Siân Edwards, Trustee of Carers Worldwide, recently accompanied our Executive Director, Anil Patil on a trip to Nepal to witness first hand our work in partnership with LEADS. Whilst there, Siân took part in the first ever Carers Day celebrations to take place in Nepal and has written of her experiences. Read Siân’s experiences below:
Where have all these people come from?!
In April, I was given the privilege, as trustee responsible for keeping an eye on our programmes, to accompany Anil to Nepal. We were going to visit LEADS, the Carers Worldwide local partner that works in two districts in Western Nepal to review the work that they have done during the second year of implementing a project for carers of people with mental illness and epilepsy. This is our first programme to be funded by the UK Government’s Department for International Development and therefore a huge responsibility is on us to ensure that we maximise the impact of this funding on the communities that LEADS supports.
LEADS had been working with BasicNeeds, another UK NGO, on a programme for people with mental health problems and had agreed to do this programme, making a shift to supporting family carers. From the moment we arrived, LEADS staff were keen to emphasise how enthusiastic they were about this. Equally, every carer that we talked to wanted to tell us how no-one had ever taken an interest in their problems before this programme.
Carers Worldwide has already had a big impact. The main emphasis of the programme is to support poor rural families with inputs to help them improve their income (for example, a goat or chickens which they can breed from, or support with inputs for local craft-making or manufacturing) and we visited families in remote villages that were already benefitting hugely from increased incomes that they were investing in their children’s education, improving their homes, buying medication for the person affected by mental illness or epilepsy, or more often reinvesting in their farms. However, there has been another, more seismic impact of the Carers Worldwide programme which I had not anticipated.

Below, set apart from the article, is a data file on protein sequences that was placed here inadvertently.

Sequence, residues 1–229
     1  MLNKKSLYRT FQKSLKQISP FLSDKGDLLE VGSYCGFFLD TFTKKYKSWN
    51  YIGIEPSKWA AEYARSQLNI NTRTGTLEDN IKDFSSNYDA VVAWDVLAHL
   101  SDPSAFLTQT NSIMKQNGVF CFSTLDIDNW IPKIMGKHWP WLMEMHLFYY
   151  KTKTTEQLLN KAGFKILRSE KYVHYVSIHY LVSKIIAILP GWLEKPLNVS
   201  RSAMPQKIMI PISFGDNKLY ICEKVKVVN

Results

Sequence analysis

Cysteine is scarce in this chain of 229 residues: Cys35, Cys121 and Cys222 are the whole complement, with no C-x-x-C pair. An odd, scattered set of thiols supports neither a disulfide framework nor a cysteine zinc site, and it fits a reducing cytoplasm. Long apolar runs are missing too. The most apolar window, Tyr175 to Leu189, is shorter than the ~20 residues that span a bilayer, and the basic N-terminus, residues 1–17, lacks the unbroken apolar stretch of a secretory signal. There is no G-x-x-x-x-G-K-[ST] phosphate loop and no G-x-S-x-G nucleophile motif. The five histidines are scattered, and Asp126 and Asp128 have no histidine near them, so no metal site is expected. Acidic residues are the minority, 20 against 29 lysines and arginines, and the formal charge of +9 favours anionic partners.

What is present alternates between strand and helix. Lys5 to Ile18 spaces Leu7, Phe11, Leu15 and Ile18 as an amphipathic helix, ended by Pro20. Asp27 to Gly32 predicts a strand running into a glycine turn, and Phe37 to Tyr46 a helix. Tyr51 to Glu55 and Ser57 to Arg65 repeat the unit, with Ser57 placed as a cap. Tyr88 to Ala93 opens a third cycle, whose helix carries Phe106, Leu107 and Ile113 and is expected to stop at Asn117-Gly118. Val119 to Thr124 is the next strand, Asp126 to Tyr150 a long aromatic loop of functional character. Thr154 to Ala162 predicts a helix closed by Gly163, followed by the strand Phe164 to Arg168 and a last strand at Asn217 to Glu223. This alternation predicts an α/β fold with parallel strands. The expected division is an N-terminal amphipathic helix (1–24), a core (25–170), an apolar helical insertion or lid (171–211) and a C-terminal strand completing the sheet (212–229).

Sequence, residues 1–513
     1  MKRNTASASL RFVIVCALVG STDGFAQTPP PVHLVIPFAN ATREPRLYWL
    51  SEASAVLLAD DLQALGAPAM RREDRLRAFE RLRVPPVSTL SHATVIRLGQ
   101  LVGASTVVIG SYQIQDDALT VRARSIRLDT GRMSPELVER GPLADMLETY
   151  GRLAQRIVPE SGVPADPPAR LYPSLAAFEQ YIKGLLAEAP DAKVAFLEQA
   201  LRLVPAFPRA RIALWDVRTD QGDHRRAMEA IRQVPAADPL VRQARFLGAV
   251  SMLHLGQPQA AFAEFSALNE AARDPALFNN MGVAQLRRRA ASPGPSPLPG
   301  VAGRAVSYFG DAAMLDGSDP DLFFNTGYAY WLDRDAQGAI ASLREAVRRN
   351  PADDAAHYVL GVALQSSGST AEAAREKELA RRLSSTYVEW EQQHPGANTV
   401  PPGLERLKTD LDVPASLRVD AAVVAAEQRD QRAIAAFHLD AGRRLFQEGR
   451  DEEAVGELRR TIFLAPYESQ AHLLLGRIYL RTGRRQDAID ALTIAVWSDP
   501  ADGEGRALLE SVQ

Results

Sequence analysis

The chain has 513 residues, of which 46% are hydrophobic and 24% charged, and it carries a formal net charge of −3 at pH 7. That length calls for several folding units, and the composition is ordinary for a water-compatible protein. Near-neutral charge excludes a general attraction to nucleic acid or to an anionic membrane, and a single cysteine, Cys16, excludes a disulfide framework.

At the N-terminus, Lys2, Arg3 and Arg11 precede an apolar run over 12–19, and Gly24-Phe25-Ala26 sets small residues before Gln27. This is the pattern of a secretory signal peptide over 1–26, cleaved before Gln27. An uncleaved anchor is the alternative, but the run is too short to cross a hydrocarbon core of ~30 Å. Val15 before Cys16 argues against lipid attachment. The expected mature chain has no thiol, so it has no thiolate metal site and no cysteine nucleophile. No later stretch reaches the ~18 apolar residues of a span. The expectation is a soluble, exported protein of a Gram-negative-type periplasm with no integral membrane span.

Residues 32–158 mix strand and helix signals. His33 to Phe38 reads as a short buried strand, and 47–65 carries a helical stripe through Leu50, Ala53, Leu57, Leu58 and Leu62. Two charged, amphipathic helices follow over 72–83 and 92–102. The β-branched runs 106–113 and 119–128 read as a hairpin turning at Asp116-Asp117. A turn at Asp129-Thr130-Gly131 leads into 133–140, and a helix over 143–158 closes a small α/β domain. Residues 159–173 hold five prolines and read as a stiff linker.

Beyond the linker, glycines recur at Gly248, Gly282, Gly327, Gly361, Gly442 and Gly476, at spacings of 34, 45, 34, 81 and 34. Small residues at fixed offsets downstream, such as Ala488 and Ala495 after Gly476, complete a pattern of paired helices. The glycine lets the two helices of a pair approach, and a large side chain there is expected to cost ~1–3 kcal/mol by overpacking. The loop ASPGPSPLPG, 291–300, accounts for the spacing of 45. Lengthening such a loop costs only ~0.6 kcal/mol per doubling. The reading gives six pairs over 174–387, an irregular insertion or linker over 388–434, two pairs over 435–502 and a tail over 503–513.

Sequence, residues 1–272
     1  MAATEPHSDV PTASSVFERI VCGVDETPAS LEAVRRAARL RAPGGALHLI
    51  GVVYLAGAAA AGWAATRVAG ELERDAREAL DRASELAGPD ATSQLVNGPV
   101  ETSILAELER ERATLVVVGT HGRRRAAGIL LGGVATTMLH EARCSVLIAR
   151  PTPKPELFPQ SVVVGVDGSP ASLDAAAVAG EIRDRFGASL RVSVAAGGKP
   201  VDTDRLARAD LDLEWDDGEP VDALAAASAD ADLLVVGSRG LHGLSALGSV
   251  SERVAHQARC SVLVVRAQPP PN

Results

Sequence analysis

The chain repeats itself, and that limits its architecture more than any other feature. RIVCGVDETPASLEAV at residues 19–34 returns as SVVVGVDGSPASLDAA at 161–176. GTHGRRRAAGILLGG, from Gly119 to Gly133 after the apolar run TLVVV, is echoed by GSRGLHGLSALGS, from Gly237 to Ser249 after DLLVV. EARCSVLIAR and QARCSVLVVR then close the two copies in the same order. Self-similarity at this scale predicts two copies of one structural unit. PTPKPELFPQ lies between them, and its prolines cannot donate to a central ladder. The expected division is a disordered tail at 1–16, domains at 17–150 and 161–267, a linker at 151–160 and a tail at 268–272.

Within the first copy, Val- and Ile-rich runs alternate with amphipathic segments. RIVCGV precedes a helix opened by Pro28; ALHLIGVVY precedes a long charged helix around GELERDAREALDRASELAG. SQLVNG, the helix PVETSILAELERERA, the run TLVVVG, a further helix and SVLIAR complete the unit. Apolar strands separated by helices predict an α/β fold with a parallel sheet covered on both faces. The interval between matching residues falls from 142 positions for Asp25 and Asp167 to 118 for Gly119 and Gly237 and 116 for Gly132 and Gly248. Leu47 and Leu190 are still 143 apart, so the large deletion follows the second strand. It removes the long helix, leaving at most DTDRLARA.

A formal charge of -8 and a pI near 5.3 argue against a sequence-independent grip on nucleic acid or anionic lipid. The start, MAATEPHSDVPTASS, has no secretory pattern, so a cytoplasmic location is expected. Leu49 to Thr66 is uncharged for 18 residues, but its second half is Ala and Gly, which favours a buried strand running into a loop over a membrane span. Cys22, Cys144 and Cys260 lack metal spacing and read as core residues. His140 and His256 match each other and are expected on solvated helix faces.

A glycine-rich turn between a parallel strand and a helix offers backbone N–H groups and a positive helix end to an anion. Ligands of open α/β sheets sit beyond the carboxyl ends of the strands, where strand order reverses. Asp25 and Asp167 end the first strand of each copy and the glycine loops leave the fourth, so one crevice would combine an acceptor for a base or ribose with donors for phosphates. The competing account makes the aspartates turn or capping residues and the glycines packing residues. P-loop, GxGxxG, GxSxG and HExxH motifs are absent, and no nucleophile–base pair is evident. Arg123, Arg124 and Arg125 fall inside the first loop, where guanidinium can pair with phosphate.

Family carers are an unrecognised group in Nepalese society, often isolated in their homes, restricted by their caring responsibilities. Carers Worldwide and LEADS had encouraged carers from throughout each of the two districts where they work to set up a Carers Association which could speak up for their rights and encourage others to listen to their needs. After almost a week trekking in the back of a jeep up and down the mountainsides from one village to another, I was rather sceptical about how this would work. For most, the journey to the main district town would be many hours – even days – walk. The individual carers we met might be the only carer in their village or in local contact with only a handful of other carers. The sheer scale of distances and the extreme logistical challenges presented by being in the Himalayan Mountains is hard to convey. This was not my first trip to Nepal but I was in awe of just how self-sufficient communities need to be to survive. For many, it simply is not possible to get a road to reach them, even if they had the money to build one!
So, I was not optimistic about the plans of the newly formed Carers Association to hold a procession and a rally to raise awareness of their rights. A day was set aside and we turned up at the district capital, Baglung, early in the morning. The already assembled crowd from around the town and local villages was modest but ready with their banners and printed signs. Before long though, we were joined by others as coaches arrived from further away and to my surprise and amazement the line of protesters grew and grew. A snake of several hundred metres cheerfully marched through the centre of the town and congregated at a large hall for the rally. The hall was packed, and I was not the only one to be surprised by the sheer numbers – almost 500 people came, and 350 were carers. Many of the carers I spoke to were as amazed as I was. “I never knew that there were so many people like us,” said Dilu, chairperson of a group of 15 carers from Myagdi, “and it has really encouraged me to show what we can do if we are supported.” There was a tangible sense of liberation in the room, as if for the first time, carers were able to heave a sigh of relief – we are not alone and together we CAN have a voice. It felt a privilege to witness the birth of this movement and I can’t wait to see what they do next – they will be a force to be reckoned with, I am sure!